Various Artists

Beginner's Guide to the Blues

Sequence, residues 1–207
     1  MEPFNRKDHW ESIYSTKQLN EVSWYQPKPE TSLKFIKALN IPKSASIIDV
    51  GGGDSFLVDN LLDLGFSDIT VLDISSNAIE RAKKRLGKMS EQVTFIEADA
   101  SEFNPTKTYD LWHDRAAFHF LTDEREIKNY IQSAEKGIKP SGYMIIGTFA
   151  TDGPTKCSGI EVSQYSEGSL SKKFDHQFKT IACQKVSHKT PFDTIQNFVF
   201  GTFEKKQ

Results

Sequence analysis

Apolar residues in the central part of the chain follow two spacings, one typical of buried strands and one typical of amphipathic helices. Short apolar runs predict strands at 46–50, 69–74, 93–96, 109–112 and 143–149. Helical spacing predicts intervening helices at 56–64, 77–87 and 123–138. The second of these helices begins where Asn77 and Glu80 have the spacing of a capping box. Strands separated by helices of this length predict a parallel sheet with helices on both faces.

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Nascente's three-disc blues box set is a pretty useful introduction to the blues mainly because of the way it is set up, with the first disc featuring country blues selections, most of them from the 1920s and '30s, followed by a disc of electric urban blues, drawn mainly from the '50s, and a last disc of contemporary performers who are attempting to play and further define the blues in the 21st century. Notable tracks on the first two discs include Robert Johnson's "Crossroad Blues," Charley Patton's "High Water Everywhere," Bukka White's "Fixin' to Die Blues," Elmore James' "Dust My Broom," and Jimmy Reed's "Bright Lights, Big City," all of which show the blues as a vital and dynamic form. The third disc here, however, has the feel of a museum with beautiful, perfectly arranged exhibits, and while a track like Kelly Joe Phelps' version of "Hard Time Killin' Floor Blues," for instance, is quite stunning; there is something studied about it, a trait not found in Skip James' original treatment of the song. Somewhere along the line the blues became a music to study and reinterpret, which is fine, but it leads to a very different place than Charley Patton stomping his feet and roaring out his songs at a Saturday night juke. In the end it's a matter of utility, and the blues will survive either way, one suspects, because it is so fundamentally simple to grasp and play, and adorned or unadorned, studied or not, it's still going to be the blues.

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